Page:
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Poem by Robert William Service
I think the things I own and love Acquire a sense of me, That gives them value far above The worth that others see. My chattels are of me a part: This chair on which I sit Would break its overstuffed old heart If I made junk of it. To humble needs with which I live, My books, my desk, my bed, A personality I give They'll lose when I am dead. Sometimes on entering my room They look at me with fear, As if they had a sense of doom Inevitably near. Yet haply, since they do not die, In them will linger on Some of the spirit that was I, When I am gone. And maybe some sweet soul will sigh, And stroke with tender touch The things I loved, and even cry A little,--not too much.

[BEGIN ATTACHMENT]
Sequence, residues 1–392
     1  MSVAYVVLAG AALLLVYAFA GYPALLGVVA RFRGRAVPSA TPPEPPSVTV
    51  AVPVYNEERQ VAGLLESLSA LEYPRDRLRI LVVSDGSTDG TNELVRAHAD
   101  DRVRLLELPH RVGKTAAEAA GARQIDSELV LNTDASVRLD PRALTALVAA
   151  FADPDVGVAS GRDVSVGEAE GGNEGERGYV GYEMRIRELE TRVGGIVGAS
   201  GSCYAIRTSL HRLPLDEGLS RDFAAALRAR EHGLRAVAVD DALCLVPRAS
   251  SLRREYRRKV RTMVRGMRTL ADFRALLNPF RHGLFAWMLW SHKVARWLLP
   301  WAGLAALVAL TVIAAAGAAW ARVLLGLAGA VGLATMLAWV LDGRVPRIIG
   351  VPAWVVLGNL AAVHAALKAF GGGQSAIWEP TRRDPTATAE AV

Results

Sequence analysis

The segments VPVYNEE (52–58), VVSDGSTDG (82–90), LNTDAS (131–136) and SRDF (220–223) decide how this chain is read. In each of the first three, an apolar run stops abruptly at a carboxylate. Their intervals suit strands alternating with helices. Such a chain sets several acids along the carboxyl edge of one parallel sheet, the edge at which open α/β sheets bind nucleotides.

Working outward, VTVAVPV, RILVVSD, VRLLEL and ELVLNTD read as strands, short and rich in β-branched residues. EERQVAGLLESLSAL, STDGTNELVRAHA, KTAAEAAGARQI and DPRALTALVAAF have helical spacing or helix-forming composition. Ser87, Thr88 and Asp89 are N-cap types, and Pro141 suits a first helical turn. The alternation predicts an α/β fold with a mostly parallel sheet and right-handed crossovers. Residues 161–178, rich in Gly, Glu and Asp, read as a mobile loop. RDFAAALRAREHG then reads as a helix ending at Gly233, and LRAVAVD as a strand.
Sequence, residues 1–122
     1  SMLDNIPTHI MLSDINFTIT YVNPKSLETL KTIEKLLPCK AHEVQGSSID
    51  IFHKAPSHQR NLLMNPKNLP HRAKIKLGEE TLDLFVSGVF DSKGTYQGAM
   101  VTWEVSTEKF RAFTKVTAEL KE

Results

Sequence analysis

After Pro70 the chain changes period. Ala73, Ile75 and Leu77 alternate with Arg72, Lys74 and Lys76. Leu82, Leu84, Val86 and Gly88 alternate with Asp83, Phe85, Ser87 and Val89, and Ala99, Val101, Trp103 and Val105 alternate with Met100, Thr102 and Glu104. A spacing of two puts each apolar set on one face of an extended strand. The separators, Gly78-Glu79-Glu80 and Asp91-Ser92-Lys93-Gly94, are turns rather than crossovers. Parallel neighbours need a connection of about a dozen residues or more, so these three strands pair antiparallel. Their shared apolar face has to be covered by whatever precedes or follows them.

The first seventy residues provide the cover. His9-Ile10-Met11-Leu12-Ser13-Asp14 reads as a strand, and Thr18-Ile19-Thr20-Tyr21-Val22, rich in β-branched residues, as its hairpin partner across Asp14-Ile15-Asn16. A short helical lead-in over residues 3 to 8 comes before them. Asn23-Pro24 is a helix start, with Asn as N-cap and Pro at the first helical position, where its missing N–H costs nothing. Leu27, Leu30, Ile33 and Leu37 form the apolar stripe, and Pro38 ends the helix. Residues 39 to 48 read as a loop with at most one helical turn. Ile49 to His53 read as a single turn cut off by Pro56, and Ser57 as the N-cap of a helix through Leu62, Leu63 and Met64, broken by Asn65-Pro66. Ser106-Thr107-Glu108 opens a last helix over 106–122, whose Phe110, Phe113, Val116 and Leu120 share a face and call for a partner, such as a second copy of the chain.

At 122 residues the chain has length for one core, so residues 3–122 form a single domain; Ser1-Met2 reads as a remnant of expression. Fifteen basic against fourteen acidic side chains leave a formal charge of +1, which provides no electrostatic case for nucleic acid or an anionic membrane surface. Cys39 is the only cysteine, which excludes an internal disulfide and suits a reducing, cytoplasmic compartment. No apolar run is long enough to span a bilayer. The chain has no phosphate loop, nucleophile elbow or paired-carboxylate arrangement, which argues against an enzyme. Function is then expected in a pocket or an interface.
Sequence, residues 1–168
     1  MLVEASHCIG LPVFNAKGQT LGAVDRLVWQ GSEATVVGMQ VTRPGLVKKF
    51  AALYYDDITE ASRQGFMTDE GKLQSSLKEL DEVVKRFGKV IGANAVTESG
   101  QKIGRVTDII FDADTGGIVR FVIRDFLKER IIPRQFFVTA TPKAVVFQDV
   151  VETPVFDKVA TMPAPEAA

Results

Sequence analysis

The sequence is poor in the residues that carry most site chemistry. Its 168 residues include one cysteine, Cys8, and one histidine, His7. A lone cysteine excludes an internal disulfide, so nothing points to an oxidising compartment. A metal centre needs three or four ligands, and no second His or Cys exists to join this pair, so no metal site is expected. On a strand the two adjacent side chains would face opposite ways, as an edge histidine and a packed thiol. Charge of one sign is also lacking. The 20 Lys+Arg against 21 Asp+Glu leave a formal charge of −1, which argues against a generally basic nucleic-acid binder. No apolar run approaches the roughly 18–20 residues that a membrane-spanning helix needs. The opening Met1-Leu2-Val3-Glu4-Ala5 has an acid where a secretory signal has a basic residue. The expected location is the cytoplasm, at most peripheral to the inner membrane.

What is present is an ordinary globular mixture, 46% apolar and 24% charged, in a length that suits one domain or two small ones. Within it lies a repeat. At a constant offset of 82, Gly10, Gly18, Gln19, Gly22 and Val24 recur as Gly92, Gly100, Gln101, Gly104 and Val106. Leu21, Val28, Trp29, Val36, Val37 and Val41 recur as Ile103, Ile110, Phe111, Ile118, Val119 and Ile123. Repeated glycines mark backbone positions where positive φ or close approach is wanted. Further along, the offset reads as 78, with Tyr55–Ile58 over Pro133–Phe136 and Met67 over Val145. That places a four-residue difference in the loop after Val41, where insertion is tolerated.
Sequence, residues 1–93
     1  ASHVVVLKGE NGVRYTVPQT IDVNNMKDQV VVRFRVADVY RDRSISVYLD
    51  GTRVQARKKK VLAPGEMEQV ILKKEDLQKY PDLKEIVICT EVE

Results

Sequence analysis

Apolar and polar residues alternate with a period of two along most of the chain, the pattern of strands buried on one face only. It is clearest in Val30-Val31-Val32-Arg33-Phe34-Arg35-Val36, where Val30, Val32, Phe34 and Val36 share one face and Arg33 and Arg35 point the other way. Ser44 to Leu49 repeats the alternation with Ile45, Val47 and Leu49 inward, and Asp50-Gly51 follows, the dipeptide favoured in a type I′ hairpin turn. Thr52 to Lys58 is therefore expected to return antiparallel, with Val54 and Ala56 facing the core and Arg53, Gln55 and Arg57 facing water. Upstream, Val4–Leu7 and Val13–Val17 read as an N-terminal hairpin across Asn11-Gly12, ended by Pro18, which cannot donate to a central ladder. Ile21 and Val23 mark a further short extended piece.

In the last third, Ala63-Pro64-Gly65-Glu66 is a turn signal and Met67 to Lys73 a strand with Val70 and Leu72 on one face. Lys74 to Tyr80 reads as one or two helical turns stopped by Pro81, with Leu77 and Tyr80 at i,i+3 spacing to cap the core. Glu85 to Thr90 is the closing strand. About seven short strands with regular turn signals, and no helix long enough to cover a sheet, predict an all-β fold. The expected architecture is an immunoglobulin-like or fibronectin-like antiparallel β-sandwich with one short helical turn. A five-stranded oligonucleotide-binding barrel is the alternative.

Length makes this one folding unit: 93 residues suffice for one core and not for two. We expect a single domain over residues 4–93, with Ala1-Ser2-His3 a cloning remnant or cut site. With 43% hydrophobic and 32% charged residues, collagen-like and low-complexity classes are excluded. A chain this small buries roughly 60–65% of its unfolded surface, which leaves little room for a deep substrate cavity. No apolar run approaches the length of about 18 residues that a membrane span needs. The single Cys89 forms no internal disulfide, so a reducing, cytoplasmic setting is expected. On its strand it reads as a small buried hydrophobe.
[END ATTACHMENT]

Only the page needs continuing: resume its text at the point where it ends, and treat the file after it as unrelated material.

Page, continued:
Robert William Service
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English Poetry. E-mail firstname.lastname@example.org